Once your claim has been processed a refund will be honoured for the cost of the item EXCLUDING the cost of postage within 72 hours.
Please note that the acclimatisation process and how the livestock settle into your aquarium is your responsibility as this is out of our hands. There are a number of factors out of our control such as
- Existing fish becoming aggressive towards your new additions
- Incorrect water parameters - PH / Ammonia / Nitrite Levels.
- Incorrect acclimatisation process carried out, introduced livestock too soon which will cause too much stress to the livestock.
Therefore we are unable to cover the livestock once they have been delivered and introduced into your aquarium.
Claims will NOT be considered if you miss delivery and your order is taken to the sorting office. Returns are not accepted on livestock.
DX offer a 'Change Your Delivery Date' HOWEVER, YOU MUST NOT CHANGE THE DELIVERY DATE OF YOUR LIVESTOCK ORDER. IF YOU DO YOU WILL VOID YOUR ARRIVE ALIVE GUARANTEE COMPLETELY AND NO CLAIM WILL BE CONSIDERED.
We strongly recommend that you quarantine any new additions before introducing to your main tank. As with any livestock, we cannot be 100% sure of their condition once they leave us, therefore you should always carry out your own quarantine process and monitor the livestock closely before you make the decision to introduce the livestock to your main aquarium.
As of the 1st May 2021, we will be issuing a credit code rather than a monetary refund, should a livestock item not arrive alive. You must still follow the procedure as normal which is stated in our policy, for your claim to be considered.
The credit code will be issued via email to the email address given on your order.
The credit code will be for the value of the livestock only (excluding postage costs)
This only applies if your item is covered by our Arrive Alive Guarantee policy.
The reason we have made this change is because our livestock prices are one of the cheapest across the industry and we want it to stay this way. We do not have any cover or insurance if an animal does not survive the journey to you, so in order for us to maintain our low prices we will now be offering credit notes instead of cash refunds.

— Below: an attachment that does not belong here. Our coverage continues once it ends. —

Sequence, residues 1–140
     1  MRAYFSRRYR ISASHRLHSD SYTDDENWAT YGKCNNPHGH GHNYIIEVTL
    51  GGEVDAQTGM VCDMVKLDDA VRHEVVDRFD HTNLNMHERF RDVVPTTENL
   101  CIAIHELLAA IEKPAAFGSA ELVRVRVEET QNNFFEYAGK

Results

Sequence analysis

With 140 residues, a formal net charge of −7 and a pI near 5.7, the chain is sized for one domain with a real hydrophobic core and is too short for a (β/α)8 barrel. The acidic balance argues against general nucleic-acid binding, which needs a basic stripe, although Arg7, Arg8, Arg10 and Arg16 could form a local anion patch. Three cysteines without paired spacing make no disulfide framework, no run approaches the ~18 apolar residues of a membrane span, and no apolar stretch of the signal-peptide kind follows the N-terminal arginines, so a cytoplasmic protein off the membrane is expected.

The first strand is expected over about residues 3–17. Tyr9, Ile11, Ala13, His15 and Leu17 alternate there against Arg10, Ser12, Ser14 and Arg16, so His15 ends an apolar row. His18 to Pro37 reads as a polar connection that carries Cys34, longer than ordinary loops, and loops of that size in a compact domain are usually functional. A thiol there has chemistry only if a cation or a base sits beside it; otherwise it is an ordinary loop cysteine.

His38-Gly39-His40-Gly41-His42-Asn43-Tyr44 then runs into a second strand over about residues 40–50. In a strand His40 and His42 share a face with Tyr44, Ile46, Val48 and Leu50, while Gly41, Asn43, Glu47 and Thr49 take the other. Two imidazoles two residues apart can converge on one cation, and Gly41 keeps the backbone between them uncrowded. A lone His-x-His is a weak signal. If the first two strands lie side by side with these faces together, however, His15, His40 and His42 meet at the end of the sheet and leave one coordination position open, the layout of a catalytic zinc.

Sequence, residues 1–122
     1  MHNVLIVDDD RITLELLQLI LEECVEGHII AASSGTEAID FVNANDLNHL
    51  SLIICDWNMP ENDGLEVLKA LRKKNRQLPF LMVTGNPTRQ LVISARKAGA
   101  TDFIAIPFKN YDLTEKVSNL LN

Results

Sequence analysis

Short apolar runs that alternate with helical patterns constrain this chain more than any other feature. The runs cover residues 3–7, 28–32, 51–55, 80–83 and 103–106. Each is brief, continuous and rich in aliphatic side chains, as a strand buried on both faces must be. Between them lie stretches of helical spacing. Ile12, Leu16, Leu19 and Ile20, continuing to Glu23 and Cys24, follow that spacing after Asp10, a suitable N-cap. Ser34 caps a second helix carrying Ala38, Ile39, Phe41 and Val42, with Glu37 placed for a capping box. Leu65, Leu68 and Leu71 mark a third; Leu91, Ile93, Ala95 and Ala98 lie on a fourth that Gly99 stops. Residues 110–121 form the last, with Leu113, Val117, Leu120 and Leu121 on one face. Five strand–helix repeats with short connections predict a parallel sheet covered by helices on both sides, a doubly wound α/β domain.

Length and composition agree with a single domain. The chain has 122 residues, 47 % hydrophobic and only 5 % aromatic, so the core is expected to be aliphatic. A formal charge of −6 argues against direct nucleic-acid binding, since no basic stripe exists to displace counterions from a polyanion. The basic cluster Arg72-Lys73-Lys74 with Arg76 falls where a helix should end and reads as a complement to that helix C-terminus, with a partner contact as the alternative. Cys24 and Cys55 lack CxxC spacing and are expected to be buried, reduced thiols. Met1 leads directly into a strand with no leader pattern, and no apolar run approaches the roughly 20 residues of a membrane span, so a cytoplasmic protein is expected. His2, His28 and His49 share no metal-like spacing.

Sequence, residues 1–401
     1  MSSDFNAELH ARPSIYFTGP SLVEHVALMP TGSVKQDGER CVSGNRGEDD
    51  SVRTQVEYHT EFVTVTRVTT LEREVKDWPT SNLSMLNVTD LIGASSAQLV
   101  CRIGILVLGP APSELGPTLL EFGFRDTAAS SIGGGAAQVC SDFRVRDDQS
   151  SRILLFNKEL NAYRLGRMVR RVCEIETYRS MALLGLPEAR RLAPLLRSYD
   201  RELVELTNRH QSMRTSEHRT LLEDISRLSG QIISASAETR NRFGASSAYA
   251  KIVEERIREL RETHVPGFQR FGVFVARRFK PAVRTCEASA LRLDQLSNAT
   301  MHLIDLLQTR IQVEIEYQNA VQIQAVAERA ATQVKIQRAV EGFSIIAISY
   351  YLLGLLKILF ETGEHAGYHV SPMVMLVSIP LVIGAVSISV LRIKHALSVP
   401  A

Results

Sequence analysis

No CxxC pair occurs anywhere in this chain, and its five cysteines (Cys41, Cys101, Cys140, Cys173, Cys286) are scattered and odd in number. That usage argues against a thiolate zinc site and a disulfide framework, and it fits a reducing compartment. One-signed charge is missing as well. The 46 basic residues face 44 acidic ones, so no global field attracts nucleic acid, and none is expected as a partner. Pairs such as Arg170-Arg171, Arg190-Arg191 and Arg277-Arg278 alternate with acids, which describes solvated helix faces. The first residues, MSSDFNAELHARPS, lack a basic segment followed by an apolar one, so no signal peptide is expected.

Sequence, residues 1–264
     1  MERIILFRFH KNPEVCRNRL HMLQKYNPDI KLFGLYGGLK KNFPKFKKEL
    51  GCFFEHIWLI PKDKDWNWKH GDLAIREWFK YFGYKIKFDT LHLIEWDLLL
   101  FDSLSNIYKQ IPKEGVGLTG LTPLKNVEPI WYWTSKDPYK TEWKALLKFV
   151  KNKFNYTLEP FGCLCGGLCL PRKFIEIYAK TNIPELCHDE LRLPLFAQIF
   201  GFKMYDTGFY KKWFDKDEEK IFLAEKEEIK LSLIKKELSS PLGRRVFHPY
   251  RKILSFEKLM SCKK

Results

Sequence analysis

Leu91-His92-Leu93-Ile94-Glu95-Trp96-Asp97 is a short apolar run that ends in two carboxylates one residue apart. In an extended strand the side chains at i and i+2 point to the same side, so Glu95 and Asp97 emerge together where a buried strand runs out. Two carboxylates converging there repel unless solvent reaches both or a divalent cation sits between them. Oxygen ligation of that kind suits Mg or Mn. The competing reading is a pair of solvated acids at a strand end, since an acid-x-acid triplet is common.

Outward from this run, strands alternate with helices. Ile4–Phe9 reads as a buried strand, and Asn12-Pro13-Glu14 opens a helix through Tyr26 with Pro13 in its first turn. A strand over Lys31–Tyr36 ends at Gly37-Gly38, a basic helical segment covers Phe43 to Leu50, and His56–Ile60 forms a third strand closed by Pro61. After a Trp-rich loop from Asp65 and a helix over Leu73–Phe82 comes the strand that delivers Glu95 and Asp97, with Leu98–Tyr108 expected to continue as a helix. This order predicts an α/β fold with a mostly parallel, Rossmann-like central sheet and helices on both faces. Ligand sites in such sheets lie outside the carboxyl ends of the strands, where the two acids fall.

If an item is out of stock at the item of packaging your order, we will issue a refund as we were unable to fulfil the item prior to dispatching.
Tank mate compatibility is crucial to a successful and healthy home aquarium. Incompatible species will increase stress in the tank which could result in disease and considerable loss. Use our compatibility charts as a guideline when selecting fish.
Remember, no guarantees can be made about the compatibility or incompatibility of any particular species of fish. Also, particular species within a group of fish vary in temperament and may not correspond with the guidelines below.
Proper acclimation is the key to successful introduction of new aquarium arrivals. The Floating Method is undoubtedly the most widely practiced method among hobbyists. However, a more exact method of acclimation provided by the Drip Method is required for fish, corals or invertebrates sensitive to sudden changes in water chemistry.
The reason why acclimation is necessary is simple: the chemical makeup of the water in which the aquatic life is packaged is different from your aquarium water chemistry (i.e. water temperature, pH, and salinity). Aquatic life such as fish, and especially invertebrates (including corals), are very sensitive to even minor changes in water chemistry. The goal of acclimation is to gradually introduce your new aquatic life to the water chemistry found in your aquarium at a controlled rate to avoid distress.